This patch of land is but eleven acres.
Six acres were woods until I let another
three go wild, so now nine acres
stand to serve an island of ecology.
Between here and several other swabs
of trees in eastern Fayette county,
turkey roam, and also deer,
coyote, bobcat, possum, skunk, fox,
rabbit, otter, tree frogs, hawk, owl,
finch, and wren, ground hog,
tree squirrel, Indiana big eared bat,
one million fire flies, raccoon,
turkey vulture, shrew, field mouse,
feral cats, snakes, box turtles,
crawdads, slugs, stink bugs,
mosquitoes, black widows,
dragonfly, monarch butterfly,
honey bees,tobacco hornworms,
termites, woolly worms, woolly
adelgids, emerald ash borers,
southern pine beetles, red headed
wood peckers, stray dogs,
even an occasional
hitch hiker sleeping off the heat
of the US 60 asphalt.
A week after I bought the land, which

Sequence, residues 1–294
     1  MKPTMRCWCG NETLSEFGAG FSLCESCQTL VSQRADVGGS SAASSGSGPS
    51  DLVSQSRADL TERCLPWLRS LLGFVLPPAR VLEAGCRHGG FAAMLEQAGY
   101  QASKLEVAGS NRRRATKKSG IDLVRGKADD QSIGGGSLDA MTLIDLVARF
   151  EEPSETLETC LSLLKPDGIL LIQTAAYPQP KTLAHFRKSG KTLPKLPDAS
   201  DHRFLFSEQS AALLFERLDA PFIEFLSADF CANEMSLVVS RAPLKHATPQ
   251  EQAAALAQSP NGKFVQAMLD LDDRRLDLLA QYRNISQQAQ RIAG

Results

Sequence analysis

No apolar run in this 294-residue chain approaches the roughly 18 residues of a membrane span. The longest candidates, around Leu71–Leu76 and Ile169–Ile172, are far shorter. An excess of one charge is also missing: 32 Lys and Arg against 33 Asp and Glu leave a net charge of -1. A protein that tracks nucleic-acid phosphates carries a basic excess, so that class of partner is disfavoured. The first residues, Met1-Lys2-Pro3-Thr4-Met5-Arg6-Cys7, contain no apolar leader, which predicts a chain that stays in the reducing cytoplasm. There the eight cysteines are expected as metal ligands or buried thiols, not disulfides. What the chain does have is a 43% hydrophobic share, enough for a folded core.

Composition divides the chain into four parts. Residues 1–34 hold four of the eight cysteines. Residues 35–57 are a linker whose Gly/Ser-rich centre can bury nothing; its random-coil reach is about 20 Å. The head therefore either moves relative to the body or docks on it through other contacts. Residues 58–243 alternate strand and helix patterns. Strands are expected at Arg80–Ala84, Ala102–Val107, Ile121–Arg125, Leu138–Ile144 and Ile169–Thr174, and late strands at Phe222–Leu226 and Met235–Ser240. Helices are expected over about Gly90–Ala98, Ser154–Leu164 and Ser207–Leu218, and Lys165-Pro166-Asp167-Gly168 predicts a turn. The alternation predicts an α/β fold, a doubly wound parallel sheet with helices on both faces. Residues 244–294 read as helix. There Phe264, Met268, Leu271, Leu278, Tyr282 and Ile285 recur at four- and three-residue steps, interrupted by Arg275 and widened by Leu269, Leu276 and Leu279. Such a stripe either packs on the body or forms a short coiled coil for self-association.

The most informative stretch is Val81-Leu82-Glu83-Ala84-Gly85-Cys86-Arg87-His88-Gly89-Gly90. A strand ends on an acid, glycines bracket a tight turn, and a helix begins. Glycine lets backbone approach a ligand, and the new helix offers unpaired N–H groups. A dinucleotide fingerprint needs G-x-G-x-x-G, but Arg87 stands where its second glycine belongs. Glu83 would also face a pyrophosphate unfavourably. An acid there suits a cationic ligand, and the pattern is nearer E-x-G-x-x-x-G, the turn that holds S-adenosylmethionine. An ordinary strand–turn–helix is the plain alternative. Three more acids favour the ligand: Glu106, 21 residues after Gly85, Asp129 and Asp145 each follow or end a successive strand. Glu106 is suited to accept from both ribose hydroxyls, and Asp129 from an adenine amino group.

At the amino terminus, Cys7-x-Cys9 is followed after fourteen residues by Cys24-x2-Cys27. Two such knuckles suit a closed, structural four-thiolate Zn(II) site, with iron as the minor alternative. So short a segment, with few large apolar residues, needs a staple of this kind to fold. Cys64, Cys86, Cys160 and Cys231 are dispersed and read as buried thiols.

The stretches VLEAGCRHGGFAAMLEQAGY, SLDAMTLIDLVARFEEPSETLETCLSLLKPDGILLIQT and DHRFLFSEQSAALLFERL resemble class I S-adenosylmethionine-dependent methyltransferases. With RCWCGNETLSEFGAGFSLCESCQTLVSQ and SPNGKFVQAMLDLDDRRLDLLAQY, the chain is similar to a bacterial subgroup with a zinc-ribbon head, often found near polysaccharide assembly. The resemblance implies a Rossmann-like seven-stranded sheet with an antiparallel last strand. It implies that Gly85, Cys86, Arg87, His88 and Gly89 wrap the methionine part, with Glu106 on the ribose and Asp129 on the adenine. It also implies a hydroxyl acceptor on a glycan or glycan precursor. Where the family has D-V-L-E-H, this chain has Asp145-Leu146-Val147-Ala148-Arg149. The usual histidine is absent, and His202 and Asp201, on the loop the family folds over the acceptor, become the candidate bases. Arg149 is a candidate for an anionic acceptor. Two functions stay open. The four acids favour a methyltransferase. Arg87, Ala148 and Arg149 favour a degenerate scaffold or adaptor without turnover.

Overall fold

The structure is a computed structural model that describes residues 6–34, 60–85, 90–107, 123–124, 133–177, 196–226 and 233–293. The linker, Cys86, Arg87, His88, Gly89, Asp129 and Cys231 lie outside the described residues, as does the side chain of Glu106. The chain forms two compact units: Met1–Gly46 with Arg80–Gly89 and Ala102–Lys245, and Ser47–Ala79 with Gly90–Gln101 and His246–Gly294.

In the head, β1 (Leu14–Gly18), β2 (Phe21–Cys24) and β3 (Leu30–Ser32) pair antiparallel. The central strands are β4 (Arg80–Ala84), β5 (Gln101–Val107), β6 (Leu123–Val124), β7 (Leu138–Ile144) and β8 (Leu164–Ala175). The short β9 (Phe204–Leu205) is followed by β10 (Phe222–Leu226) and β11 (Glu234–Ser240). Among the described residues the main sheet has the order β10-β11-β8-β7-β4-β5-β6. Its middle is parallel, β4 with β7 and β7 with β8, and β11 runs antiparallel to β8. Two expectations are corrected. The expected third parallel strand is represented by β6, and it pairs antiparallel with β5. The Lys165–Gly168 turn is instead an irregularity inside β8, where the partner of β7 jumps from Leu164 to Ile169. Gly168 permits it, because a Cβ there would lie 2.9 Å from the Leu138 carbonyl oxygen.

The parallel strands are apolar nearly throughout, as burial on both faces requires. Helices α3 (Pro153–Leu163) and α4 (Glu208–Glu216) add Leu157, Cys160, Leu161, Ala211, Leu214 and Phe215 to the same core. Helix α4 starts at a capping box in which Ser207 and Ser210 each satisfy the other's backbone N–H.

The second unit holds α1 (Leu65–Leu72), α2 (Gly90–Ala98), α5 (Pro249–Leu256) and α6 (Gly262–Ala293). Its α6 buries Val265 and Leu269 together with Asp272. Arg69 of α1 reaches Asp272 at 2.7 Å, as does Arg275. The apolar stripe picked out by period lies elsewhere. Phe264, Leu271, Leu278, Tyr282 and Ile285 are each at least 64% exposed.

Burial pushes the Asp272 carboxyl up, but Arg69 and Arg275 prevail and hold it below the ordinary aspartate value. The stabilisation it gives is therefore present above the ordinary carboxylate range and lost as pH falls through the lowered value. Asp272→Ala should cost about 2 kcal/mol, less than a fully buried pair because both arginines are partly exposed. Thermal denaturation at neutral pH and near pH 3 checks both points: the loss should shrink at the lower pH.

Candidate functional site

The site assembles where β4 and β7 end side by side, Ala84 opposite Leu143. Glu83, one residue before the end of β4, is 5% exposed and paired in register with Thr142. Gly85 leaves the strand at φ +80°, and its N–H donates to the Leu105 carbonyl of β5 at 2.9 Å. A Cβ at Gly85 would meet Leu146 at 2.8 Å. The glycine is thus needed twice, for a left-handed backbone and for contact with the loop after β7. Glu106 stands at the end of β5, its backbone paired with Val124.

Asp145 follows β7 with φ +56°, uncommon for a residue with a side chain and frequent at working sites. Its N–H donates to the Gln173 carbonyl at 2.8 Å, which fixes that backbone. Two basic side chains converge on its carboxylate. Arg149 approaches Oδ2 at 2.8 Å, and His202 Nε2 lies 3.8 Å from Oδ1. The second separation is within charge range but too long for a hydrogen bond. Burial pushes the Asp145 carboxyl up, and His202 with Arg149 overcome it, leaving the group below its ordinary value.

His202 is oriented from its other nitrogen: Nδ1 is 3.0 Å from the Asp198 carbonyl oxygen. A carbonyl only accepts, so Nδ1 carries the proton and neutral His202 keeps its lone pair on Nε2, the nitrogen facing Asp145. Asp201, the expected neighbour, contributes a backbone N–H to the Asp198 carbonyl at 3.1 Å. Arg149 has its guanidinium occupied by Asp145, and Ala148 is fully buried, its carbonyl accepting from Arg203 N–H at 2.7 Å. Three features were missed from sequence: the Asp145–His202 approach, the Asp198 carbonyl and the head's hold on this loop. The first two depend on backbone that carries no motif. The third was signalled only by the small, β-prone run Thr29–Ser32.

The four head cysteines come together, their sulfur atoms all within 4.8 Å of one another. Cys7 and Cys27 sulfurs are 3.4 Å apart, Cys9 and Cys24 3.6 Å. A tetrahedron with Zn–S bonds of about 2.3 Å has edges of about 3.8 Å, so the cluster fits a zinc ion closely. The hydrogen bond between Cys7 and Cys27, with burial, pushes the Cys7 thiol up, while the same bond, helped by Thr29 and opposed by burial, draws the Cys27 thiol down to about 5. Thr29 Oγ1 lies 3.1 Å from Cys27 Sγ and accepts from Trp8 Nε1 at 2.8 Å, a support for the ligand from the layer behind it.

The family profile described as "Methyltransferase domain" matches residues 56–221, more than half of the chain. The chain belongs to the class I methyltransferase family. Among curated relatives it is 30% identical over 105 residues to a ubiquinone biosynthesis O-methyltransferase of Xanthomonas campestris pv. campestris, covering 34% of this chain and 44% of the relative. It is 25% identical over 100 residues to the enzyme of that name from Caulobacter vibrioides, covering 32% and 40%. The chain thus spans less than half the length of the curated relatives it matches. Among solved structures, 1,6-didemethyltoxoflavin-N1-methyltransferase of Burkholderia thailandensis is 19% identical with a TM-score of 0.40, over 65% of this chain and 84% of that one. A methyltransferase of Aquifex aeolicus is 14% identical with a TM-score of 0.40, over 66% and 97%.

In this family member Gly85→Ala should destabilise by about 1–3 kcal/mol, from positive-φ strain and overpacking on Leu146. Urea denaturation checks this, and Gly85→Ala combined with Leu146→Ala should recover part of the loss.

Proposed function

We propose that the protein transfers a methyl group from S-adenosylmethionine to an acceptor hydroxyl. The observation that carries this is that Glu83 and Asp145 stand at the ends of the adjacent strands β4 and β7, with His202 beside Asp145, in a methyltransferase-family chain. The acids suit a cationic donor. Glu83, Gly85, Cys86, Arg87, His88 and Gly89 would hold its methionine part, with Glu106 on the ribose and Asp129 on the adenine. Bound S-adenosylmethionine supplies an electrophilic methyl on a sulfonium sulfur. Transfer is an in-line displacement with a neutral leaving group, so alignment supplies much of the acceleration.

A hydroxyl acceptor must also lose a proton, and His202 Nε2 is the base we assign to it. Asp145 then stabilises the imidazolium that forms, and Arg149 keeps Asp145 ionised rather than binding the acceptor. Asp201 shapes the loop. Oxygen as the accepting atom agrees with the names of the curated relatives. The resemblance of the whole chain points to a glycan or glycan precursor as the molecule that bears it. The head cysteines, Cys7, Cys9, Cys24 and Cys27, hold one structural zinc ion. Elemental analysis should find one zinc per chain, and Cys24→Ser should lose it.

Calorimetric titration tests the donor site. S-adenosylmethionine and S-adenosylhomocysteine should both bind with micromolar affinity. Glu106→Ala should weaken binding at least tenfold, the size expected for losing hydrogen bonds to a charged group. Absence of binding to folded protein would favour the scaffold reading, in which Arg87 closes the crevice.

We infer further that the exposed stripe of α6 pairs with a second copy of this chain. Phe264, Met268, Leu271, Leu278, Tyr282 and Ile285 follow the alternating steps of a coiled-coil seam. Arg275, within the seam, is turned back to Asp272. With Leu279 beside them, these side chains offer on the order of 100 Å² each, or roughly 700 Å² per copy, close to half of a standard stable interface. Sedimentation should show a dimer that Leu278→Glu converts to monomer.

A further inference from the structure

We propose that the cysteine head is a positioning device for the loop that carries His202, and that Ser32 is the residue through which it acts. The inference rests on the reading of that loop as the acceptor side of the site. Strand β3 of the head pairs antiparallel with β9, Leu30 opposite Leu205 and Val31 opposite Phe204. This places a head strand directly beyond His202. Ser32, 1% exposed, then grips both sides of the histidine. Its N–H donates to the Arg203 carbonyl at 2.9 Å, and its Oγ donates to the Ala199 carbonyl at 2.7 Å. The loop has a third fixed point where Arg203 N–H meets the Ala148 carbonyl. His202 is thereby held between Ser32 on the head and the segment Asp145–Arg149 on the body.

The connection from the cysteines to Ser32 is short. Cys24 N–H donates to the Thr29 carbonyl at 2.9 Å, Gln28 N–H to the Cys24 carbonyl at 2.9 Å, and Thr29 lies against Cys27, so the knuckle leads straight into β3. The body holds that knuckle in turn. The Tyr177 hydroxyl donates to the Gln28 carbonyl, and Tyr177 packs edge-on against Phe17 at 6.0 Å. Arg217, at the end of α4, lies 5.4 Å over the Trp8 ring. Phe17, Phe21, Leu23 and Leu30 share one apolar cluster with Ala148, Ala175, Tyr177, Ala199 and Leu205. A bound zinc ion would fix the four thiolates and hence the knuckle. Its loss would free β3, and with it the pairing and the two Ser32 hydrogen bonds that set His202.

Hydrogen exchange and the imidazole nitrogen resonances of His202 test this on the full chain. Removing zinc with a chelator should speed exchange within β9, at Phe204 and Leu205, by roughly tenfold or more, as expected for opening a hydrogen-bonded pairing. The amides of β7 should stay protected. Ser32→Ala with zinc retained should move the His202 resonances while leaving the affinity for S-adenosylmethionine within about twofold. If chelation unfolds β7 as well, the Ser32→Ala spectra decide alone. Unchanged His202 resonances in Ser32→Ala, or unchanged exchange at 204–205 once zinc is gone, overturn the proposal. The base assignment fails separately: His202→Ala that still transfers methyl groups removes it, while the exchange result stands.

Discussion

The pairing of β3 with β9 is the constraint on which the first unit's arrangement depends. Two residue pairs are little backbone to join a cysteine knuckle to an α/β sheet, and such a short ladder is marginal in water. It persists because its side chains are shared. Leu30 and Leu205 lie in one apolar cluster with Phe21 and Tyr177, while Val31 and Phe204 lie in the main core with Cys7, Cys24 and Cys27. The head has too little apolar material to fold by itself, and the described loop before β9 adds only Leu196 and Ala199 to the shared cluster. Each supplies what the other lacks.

is to say a bank allowed my signature
to sign my life away, to transfer to me
what had been “rightfully” stolen
for centuries, city engineers
gathered to discuss the woods on this
property.  The only reason woods
remained was because of the flood
plain in which they occupied.
Surveyors came to measure
for a planned earthen dam,
that would retain water from
the neighborhood adjacent,
and thereby raze the woods
I bought to serve.
They made substantial offers,
were offended when refused,
accusing me of selfishness,
and silly pride.
No poem I write,
or song I sing, or fine wooden
thing I may craft, or house that I
might build for the most
prominent of clientele,
no action I have made or will make,
is as important in the span of time,
as being on this patch of land
soon enough to throw a wrench
into the jaws of the plastic 
sprawl lurching out across
our landscape, one set of
copy pasted blueprints
then another.